Segmented conductor 116 is positioned along conductive material 114 in preselected lengths 128 to control or regulate the resistivity of the deflected conductive material 114 and in turn ensure that upon repetitive deflections, the variation of the resistance between configurations A, B and C is consistent throughout the life of substrate 110 and conductive material 114. More particularly, the length and width of segments 116 as well as the spaces 122 and 124 between the segments is empirically selected to ensure that the resistance is consistently repetitive.
With segmented conductor 116 affixed or adhered to conductive material 114, the resistance may still vary somewhat over time, but the degree of variance is either within acceptable tolerances or otherwise measurable from time to time so that adjustments can be made to accommodate for the drift in resistance over time.
Referring to FIG. 9, it can be seen that the flexible potentiometer here illustrated has a first leg 138 and a second leg 140 both of which are substantially parallel to an axis 142 of substrate 110 which has an overall length 144 as well as a width 146. The first leg 138 and the second leg 140 extend lengthwise and are interconnected by a third leg 148 to form the desired configuration of conductive material 114. Notably, only one leg 138 has a conductive material 114 with a segmented conductor 116 as shown in FIGS. 7 and 8. The other leg 140 has a conductor which does not vary in resistance upon deflection.
It may be noted that the connectors 134 and 136 are slide connectors which are riveted onto substrate 110 or otherwise affixed thereto to electrically interconnect the first leg 138 and the second leg 140 with exterior electrical components such as a microprocessor.
In use, substrate 110 is deflected repetitively and the deflection thereof may be measured by measuring the variance in resistance at the connectors 134 and 136. Thus, the resistance and in turn the movement or deflection of a variety of objects can be measured accurately.
The present invention is not limited to using flexible potentiometer 74 as a horn actuator. Flexible potentiometers may be employed as actuators to control auxiliary electrical components, such as windshield wipers, cruise control, headlights, radios, heaters. In this respect, the flexible potentiometer need not be positioned adjacent to a steering wheel cover or an airbag. Some flexible potentiometers could, for example, be placed on the dashboard.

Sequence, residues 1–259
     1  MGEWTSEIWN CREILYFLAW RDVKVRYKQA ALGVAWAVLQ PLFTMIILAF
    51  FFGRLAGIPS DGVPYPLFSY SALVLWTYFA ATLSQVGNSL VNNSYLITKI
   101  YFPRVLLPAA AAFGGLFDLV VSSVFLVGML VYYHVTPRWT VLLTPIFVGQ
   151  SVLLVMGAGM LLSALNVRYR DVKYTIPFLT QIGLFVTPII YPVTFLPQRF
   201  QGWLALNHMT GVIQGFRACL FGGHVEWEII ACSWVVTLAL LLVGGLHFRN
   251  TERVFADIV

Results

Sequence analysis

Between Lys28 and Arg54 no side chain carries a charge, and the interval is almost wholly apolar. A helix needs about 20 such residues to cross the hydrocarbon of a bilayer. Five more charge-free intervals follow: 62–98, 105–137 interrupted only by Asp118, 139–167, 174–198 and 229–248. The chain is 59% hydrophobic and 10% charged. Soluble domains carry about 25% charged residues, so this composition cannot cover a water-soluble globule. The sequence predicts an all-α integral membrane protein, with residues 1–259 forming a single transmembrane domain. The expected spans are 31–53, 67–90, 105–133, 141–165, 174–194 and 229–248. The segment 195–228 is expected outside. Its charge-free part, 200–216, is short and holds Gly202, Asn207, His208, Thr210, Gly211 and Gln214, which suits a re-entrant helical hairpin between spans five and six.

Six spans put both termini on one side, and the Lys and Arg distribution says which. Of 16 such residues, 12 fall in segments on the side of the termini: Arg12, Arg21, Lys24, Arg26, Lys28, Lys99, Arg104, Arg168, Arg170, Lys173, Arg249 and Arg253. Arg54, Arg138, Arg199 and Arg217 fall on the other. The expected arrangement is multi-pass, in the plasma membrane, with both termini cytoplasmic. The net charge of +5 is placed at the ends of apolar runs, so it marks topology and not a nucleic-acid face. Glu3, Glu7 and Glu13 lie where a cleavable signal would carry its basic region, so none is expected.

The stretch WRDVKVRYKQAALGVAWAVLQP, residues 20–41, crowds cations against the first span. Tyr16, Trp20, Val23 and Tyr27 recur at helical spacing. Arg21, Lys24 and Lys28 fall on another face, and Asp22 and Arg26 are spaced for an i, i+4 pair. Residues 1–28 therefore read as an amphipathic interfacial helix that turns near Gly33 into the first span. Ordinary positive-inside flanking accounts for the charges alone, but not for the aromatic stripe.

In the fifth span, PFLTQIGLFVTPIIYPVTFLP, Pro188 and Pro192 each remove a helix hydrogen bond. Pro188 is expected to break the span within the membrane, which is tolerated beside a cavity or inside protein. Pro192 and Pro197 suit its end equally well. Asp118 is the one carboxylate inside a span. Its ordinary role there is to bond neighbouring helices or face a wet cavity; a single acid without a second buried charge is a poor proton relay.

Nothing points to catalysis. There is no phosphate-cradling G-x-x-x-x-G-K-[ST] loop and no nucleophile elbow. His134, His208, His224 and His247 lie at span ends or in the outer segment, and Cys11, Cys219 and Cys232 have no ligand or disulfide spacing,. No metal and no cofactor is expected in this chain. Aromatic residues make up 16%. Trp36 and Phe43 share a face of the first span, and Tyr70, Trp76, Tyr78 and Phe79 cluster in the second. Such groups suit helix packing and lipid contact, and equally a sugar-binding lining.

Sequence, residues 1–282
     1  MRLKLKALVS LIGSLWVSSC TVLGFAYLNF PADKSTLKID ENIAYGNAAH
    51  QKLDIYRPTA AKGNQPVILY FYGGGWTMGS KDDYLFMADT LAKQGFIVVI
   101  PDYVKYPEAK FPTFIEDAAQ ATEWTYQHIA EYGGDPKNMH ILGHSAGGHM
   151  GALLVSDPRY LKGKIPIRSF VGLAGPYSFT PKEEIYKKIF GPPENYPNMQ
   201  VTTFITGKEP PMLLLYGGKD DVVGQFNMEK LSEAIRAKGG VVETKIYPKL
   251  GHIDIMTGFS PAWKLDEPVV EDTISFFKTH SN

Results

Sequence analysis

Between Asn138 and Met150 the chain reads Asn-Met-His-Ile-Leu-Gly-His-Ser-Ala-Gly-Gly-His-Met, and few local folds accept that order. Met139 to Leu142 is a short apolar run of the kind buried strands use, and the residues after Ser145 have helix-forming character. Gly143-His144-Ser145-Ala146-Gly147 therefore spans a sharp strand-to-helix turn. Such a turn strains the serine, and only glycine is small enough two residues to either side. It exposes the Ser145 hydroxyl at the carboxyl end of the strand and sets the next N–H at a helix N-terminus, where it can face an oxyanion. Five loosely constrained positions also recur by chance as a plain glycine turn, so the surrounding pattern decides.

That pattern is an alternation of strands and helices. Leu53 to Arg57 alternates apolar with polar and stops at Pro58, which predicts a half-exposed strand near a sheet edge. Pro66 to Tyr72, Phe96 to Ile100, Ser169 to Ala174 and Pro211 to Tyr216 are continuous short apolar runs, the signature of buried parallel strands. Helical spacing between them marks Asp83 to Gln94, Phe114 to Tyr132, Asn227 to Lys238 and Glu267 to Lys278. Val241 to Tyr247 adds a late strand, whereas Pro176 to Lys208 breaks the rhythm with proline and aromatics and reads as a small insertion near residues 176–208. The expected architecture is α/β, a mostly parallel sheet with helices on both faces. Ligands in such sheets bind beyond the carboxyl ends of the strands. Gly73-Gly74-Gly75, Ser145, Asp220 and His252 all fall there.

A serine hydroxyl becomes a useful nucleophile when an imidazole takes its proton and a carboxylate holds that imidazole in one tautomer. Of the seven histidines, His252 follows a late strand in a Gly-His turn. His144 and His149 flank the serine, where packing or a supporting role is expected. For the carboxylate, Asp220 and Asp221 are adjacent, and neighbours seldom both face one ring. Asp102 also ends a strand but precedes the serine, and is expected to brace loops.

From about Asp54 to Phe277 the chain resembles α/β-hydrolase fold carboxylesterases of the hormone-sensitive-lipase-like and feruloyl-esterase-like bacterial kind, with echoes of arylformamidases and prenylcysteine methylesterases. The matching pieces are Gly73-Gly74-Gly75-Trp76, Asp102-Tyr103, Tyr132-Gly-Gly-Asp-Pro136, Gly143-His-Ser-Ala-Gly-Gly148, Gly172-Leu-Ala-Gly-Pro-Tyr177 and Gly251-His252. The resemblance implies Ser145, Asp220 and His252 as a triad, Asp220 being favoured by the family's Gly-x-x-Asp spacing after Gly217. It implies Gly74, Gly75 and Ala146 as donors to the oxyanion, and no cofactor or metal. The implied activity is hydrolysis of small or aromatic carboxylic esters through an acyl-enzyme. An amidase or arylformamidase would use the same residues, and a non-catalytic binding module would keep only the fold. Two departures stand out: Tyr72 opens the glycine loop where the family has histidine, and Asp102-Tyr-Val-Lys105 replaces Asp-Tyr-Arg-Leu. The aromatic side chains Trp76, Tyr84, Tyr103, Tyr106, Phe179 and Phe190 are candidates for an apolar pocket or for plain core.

Referring to FIGS. 12 and 13, multiple flexible potentiometers 74, 166, and 168 are used to control multiple devices in an automobile. For example, flexible potentiometer 74 connected to conductive junction point 88 is used as a horn actuator. Flexible potentiometer 166 connected to conductive junction point 170 is used to control headlights. Flexible potentiometer 168 connected to conductive junction point 172 is used to control cruise control. Voltage sources 102, 176, and 178 convert the resistance in the flexible potentiometers to analog voltages which are, in turn, converted to digital voltages by A-to-D converters 104, 182, and 184. The digital voltages from A-to-D converters 104, 182, and 184 may have, for example, four bits, which are read by microprocessor 186, which may be more powerful than microprocessor 106 in FIG. 6. Microprocessor 186 may respond differently to different voltage changes. For example, one voltage change may indicate a low beam headlights condition, while a second voltage change may indicate a high beam head light condition. In the case of the horn, different voltage changes would indicate different desired horn loudnesses. Flexible potentiometer 74 may act as a switch and magnitude combination in which a threshold force turns a function on, but increased force increases the magnitude.